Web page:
Jaim's hand was gripped tight to the coarse hilt of his wooden sword, his defence and his protection. He kept a reasonable distance from the figure, who he could now see was dressed entirely in black, a dark hood pulled up to hide his features. Jaim followed him down the alley, around several corners and away from the main street. His heart raced. He was wearing his courage on his sleeve. The excitement and the adrenalin spurred him on, pushing him to continue following the hooded figure, despite every other inch of his mind telling him to turn back and ignore what he saw.

Eventually, after tailing the hooded man--he assumed it was a man--for about five or ten minutes, the figure turned into a small, derelict looking building. Surprisingly, he left the door ajar. Jaim followed as close as he dared. As he got closer to the door, he heard the muffled, unintelligible yet unmistakable sound of voices talking. He drew closer, and closer, barely touching the ground with every step; a shadow in rough spun clothing. The voices detangled themselves from the air around them and finally became intelligible as he drew up alongside the door.

"Everything's going to plan" came one voice. It sounded high class, clipped, educated. He must be from the Seventh, Jaim wondered to himself. The voice continued. "The men are keeping the Household Guard busy in the tavern. By the time they realise no help is coming to aid them it will be too late for them to surrender. If we're lucky they might take some of the Household Guard with them before they're cut to ribbons" He laughed. "That crooked Senator played his part in session today as well".

"We won't be leaving him as a loose end, will we?" Another  voice. This one didn't sound as smart as its companion's. It had a drawl to it that Jaim didn't recognise as regional to any of the districts of Paceguard. An outsider? That didn't make any sense of him. None of this did, come to think of it.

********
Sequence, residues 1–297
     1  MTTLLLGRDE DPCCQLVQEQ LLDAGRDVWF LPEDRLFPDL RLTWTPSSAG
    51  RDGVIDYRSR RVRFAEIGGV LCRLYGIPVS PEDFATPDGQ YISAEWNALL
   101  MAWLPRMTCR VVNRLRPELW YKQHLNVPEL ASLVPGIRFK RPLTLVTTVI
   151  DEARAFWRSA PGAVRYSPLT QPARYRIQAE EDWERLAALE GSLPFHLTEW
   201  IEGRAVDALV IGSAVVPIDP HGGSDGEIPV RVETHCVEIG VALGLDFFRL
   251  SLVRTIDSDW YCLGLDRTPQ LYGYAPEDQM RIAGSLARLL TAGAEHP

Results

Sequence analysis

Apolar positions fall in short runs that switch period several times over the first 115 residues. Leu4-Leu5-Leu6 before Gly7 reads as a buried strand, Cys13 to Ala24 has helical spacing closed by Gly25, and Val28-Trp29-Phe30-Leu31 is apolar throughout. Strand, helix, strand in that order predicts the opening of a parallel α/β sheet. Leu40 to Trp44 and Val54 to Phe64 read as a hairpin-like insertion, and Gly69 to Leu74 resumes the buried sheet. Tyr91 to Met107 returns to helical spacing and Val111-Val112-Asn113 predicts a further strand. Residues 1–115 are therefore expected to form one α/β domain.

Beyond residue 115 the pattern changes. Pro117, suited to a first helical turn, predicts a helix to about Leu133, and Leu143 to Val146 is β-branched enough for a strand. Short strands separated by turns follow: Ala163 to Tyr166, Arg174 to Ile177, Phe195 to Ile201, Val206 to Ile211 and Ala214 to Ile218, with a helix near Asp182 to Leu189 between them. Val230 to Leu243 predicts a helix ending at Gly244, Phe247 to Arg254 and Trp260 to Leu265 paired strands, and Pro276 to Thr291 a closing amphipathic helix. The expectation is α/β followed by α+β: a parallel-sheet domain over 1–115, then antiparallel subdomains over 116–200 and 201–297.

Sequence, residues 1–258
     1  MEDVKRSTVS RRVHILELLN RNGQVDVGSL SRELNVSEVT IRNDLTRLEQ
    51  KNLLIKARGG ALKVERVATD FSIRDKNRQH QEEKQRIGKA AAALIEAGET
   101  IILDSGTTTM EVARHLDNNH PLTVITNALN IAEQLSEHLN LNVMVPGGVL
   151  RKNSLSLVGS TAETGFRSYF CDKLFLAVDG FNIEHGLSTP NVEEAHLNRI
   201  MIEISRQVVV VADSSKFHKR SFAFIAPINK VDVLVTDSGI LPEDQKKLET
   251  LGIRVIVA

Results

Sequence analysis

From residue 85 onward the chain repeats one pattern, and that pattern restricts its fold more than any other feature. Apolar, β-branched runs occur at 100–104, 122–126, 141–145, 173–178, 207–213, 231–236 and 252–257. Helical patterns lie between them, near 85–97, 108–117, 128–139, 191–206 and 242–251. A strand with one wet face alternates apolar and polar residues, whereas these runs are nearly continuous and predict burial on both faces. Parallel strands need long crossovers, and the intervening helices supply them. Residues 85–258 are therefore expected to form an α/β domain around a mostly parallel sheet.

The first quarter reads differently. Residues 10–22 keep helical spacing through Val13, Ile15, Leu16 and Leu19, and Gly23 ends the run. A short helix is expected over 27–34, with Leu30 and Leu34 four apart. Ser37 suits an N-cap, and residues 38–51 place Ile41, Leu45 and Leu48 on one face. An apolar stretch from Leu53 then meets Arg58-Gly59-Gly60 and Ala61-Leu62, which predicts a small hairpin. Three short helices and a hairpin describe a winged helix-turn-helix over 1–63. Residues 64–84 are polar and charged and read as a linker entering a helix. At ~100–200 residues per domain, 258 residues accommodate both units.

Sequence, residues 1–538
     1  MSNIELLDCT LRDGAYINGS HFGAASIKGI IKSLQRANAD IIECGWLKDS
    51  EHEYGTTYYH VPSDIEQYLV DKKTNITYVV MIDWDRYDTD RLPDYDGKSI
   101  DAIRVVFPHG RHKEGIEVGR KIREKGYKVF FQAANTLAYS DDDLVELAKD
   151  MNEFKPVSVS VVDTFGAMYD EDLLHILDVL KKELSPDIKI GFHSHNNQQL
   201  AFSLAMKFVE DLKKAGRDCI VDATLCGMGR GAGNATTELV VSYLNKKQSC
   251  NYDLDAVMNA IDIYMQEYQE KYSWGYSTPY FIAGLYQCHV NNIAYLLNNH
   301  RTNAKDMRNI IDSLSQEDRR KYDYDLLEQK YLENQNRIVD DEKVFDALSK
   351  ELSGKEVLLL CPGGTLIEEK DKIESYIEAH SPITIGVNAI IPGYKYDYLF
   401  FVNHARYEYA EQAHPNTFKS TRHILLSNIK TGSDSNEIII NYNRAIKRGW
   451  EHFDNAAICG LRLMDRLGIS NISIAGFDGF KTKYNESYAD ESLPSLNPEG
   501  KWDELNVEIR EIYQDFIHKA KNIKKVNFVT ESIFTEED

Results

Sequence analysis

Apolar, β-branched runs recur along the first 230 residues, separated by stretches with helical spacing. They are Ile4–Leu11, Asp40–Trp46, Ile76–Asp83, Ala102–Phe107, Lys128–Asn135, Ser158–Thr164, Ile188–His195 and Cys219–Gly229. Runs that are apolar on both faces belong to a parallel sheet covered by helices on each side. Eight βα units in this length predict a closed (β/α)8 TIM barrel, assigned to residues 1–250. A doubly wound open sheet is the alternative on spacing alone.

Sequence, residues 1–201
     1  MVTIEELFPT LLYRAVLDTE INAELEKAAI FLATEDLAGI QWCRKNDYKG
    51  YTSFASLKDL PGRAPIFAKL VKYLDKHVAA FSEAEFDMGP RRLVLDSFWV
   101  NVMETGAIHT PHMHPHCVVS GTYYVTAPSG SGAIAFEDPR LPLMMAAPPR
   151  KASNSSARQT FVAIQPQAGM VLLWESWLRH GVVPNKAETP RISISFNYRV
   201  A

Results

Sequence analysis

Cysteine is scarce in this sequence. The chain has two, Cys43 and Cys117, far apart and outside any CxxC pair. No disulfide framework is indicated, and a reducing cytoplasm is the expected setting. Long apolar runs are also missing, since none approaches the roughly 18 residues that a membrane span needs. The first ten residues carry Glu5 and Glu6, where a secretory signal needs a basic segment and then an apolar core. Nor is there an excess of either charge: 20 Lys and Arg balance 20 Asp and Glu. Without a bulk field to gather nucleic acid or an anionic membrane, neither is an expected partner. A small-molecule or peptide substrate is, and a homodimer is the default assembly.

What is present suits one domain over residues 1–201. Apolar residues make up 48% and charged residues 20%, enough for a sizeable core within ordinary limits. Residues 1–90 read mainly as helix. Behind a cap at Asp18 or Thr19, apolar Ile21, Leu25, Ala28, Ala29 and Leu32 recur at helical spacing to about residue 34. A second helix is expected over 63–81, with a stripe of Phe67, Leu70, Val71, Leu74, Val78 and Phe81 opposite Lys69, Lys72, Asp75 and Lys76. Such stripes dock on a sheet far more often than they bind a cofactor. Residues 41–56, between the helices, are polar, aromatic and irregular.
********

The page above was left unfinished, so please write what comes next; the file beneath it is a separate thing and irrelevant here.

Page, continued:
"No. He'll be dealt with in due time. I have my men on the way to the Tower now that the Guard is preoccupied. They should have it secured and the Viscount captured in the next hour".

The Viscount! In danger! Jaim had never been so close to real adventure in his life. It didn't feel like he thought it should; a deep, uncomfortable feeling in the pit of his stomach. He didn't feel all that brave suddenly. He wanted to go home.

"Will the Viscount give us what we want?" the lower voice said.

"I doubt it. Not at first. But he will in the end, or I'll gut his daughter like a fish, then him".

Jaim gasped and the voices went silent. There was a sudden scuffling, and the door swung open. He stared up, wide-eyed and terrified, as the man he had been following leered down at him, his face a mixture of shock and anger. Before the boy could even more, the hooded figure--now hoodless, reached and clenched a fist around the scruff of his tunic. With a strength Jaim wasn't expecting from the man, he heaved him up to eye level.

"Who is it, Teech?" The distant voice seemed right at Jaim's ear now.

"Some child, sir. I reckon he's been here a while. I thought I felt somebody following me".

"If you think he's heard our plans, then be a good man and dispose of him, would you? We're in something of a hurry".

Teech smiled at Jaim, and uttered a mock apology. "Sorry kid, but business is business".

The flash of silver in Teech's hand was the last thing Jaime saw before the arm swung. The wooden sword clattered to the ground.


                The wind sighed through the trees of the Flowmarches. Through the trees, through the leaves and barks, the stumps and flowers, and through the wisps of Truval's hair. He let the breeze play over him, and with the stray strands of brown hair that had escaped his ponytail. He continued resting lazily against the stump of the tree he had grown accustomed to.

It is a good stump, a fine stump. He thought. It is the kind of stump made to be lain against.
On the ground to his right, Truval had placed his quiver, the arrows within it lazing against the ground just as much as he was, huddled together; the fletching of each quivered as the wind continued to tickle around them playfully.

To this right lay Truval's Longbow, his pride and joy. It was 6 foot tall to the inch, almost exactly the same height as Truval himself. It was made  from a single piece of Yew, gently curving outwards as a bow does, less of a "D" shape, as everybody seemed to describe it as, but more of a gentle arch. Truval often quipped that anybody who thought it looked like a D either had very cramped, squashed handwriting, or simply couldn't write.

The bowstring was drawn taught between the two ends of the arch. Small droplets of dew and water had gathered along it in the hours Truval had been relaxing; they winked at him when he turned his eyes to the bow, he winked back, chuckling.

Truval sighed a contented sigh; this was a life he could get used to.